Using the gravity model, we find evidence of three continental trading blocs: the Americas, Europe and Pacific Asia. Intra-regional trade exceeds what can be explained by the proximity of a pair of countries, their sizes and GNP/capitas, and whether they share a common border or language. We then turn from the econometrics to the economic welfare implications. Krugman has supplied an argument against a three-bloc world, assuming no transport costs, and another argument in favor, assuming prohibitively high transportation costs between continents. We complete the model for the realistic case where intercontinental transport costs are neither prohibitive nor zero. If transport costs are low, continental Free Trade Areas can reduce welfare. We call such blocs super-natural. Partial liberalization is better than full liberalization within regional Preferential Trading Arrangements, despite the GATT's Article 24. The super-natural zone occurs when the regionalization of trade policy exceeds what is justified by natural factors. Estimates suggest that trading blocs like the current EC are super-natural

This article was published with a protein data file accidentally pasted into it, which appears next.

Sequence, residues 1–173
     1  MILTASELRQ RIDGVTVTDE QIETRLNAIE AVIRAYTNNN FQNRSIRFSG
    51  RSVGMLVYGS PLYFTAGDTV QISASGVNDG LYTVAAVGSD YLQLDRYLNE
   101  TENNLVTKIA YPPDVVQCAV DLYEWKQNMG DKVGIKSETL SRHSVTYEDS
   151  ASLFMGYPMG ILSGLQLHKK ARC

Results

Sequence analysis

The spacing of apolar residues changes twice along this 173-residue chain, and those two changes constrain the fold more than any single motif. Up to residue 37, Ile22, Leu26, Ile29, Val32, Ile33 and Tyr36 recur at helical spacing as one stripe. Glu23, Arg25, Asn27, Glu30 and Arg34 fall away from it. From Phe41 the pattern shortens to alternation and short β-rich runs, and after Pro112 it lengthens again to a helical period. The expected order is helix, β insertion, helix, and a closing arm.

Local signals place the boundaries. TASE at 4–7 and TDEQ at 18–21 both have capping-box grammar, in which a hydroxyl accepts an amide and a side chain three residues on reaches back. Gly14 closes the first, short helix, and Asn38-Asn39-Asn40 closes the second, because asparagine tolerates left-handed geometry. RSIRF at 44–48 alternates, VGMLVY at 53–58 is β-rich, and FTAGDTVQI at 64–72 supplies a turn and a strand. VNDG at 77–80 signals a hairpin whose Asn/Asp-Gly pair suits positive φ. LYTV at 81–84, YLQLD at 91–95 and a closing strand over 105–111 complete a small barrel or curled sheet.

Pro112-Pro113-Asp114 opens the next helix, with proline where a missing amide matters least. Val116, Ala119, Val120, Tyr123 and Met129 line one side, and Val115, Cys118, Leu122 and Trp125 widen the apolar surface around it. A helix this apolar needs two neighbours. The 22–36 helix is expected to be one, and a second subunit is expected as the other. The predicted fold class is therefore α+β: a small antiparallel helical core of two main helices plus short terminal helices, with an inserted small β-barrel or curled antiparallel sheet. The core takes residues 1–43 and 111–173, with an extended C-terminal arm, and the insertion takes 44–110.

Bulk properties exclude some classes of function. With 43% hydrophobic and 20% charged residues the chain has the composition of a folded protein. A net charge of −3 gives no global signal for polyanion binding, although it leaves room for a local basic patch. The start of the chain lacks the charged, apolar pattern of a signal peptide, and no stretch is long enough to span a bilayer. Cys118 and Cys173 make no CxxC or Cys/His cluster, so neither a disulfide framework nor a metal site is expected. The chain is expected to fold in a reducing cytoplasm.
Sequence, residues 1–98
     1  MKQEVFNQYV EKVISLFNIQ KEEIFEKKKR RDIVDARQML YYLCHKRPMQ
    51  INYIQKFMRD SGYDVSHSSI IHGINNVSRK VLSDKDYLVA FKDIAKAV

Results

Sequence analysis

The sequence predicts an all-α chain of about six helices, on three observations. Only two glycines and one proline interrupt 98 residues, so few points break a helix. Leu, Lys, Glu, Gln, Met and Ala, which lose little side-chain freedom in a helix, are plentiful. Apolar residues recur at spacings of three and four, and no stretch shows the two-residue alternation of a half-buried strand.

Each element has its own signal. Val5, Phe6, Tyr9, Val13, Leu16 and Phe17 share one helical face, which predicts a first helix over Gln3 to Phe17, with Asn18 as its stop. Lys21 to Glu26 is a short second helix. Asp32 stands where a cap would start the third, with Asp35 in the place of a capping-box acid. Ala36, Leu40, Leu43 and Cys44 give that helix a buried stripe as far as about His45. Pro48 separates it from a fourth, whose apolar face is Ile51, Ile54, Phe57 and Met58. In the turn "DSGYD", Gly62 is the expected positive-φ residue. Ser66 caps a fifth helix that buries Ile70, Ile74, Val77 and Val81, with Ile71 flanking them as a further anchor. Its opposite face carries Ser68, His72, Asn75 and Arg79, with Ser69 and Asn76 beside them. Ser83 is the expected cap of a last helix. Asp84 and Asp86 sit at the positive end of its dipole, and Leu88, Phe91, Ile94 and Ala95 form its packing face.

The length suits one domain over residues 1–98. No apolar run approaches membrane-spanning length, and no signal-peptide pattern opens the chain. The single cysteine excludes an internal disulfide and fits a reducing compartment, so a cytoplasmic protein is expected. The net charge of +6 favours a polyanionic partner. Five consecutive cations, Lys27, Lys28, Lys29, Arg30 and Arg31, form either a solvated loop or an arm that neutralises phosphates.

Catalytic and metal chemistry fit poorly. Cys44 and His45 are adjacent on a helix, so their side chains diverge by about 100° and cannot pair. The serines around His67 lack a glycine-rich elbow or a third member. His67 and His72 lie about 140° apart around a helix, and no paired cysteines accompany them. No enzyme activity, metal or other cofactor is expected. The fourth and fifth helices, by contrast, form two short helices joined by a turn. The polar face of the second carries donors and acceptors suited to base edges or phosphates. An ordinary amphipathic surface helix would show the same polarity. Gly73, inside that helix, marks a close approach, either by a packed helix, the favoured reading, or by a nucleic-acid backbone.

Foreign portfolio investors before and during a crisis by U-ch'an Kim( Book )
32 editions published between 1999 and 2000 in English and Undetermined and held by 210 libraries worldwide
Different categories of foreign portfolio investors in Korea have differences as well as similarities in their trading behavior before and during a currency crisis. First, non-resident institutional investors are always positive feedback traders, whereas resident investors were negative feedback (contrarian) traders before the crisis but switch to be positive feedback traders during the crisis. Second, individual investors herd significantly more than institutional investors. Non-resident (institutional as well as individual) investors herd significantly more than their resident counterparts. Third, differences in the Western and Korean news coverage are correlated with differences in net selling by non-resident investors relative to resident investors
The Oxford companion to the economics of Africa ( Book )
5 editions published in 2014 in English and held by 181 libraries worldwide